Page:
We launched STORY at Macy's on April 10, opening 36 locations in 15 states on the same day. I'm proud of the agility to team showed and taking this big bang approach to the STORY launch and we're pleased with the early response from the customers. As a refresher, we acquired STORY a year ago. This is a retail concept takes the point of view of a magazine changes like a gallery and as a unique merchandising approach. Each STORY at Macy's has a robust events calendar and community outreach plan that will be for fresh with a new theme and merchandise every 10 to 15 weeks. STORY at Macy's gives new customers a reason to visit our stores and gives our current customers, a reason to come back and see what's new. The STORY launches part of our ongoing strategy to improve customer engagement and drive store traffic through exceptional experiences.

So overall the first quarter was a solid performance for Macy's Inc. and we are on track for the year. And while we are pleased with our consistent comparable sales growth, we won't be satisfied until we're taking market share and we will get their business by business and store by store. Our five strategic condition is for 2019 will be the drivers of our comparable sales growth. As reminder they are, Growth50 becomes Growth150 stores and we expect a similar lift in sales. We are expanding Backstage, the only on model off price option in America to another 50 doors and will maintain the strong performance of the Backstage locations opened in 2016 through 2018. We are getting better at off price every day.

We are continuing the aggressive expansion of vendor direct. Our customers love the expanded brands and assortment. We are focused on mobile first strategy. We know our customers use our apps to shop, we crossed $1 billion in app sales in 2018. But it's also there are highly valued assistants interacting with the Macy's and Bloomingdale's brands, whether it's in-store from home or anywhere in between. We are making our app experience even better as we build out my wallet, my store, and my stylist.

And our fifth strategic initiative for 2019 is our destination businesses, which are six categories where we already have a top three market share in four of the six we're taking market share and these categories punch above the rest of the business on return on investment and profitability. Work is well under way on each of these five initiatives and we expect that they will contribute to our sales growth as we move through the year.

Looking ahead at the rest of 2019, we are squarely focused on continuing comparable sales growth taking market share in our key merchandising categories and growing our customer base by retaining existing customers and bringing new customers into the Macy's and Bloomingdale's brands. And I am confident that we will continue to make progress.

Before I turn it over to Paula, I do want to leave you with three parts on how we are viewing our business. First, Macy's is growing again and we will continue to grow by taking full advantage of our well-established omnichannel capabilities. Second, we are very strong company with a healthy balance sheet and the flexibility to weather a potential downturn and be opportunistic about breath. And third, we have a clear line of sight into profitability growth. We know we need to grow both the topline and the bottom line and we are aggressively pursuing productivity improvements to make that happen.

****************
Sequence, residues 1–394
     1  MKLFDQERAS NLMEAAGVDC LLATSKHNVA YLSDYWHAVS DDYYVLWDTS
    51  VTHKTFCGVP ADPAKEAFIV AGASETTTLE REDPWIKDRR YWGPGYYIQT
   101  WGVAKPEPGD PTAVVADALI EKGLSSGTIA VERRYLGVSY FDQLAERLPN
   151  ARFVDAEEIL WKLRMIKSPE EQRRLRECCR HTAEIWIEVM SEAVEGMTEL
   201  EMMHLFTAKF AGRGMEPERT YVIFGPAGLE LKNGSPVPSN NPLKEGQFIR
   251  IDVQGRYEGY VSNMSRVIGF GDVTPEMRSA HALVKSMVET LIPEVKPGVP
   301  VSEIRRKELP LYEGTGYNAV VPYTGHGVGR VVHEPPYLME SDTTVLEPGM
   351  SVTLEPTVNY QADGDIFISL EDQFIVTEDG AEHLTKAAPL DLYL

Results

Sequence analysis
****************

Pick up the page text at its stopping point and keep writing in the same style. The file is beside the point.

Now, Paula will take you through the financials and provide more detail on the productivity improvements that we're expecting.

Paula A. Price -- Chief Financial Officer

Thank you, Jeff, and good morning, everyone. As Jeff mentioned, we're off to a solid start to the year, as we continue to post growing comparable sales and to make significant progress on our strategic initiatives. Additionally, we continue to improve our financial flexibility not only to help fund these investments, but also to return cash to our shareholders. And we've maintained our operational and financial discipline by thoughtfully managing our business with an eye toward profit growth.

Turning now to our first quarter results. Our performance was in line with the expectations we established in February. We delivered $5.5 billion up sales, an increase of 0.7% on an owned plus licensed comparable basis. This puts us on pace to deliver the annual sales guidance we gave you in February. We saw strength within our destination businesses, especially dresses, fine jewelry, men's tailored, women shoes, fragrances, and skin care. Active and kids were also strong performer, while handbags continued to be a challenge.

We delivered our strongest performance in the Midwest and Northeast regions of the country, and digital continue to deliver strong growth. Our sales with International tourists were down 3.1% in the quarter. But while international tourism remained a headwind to sales, it showed improvement versus the fall season.

Total transactions were up 5.7% in the quarter, reflecting a positive customer demand trend, particularly from our best customer. Average units per transaction were down 2.2%, as our platinum customers continue to spend more with us in total and to buy fewer units over multiple transactions.

Our average unit retail was down 2.7%, driven by the mix impact from the strong performance of Backstage and our efforts during the first quarter to clear through the expected elevated spring receipt, as well as the challenging comparison to a very strong AUR performance in the first quarter of 2018. We generated credit revenues in the quarter of $172 million, up 9.6% from last year. And saw credit card penetration up 80 basis points in the quarter to 46.3%. Credit card revenue to continue to be driven by higher finance charges related to higher balances, and the momentum of our Star Rewards loyalty program.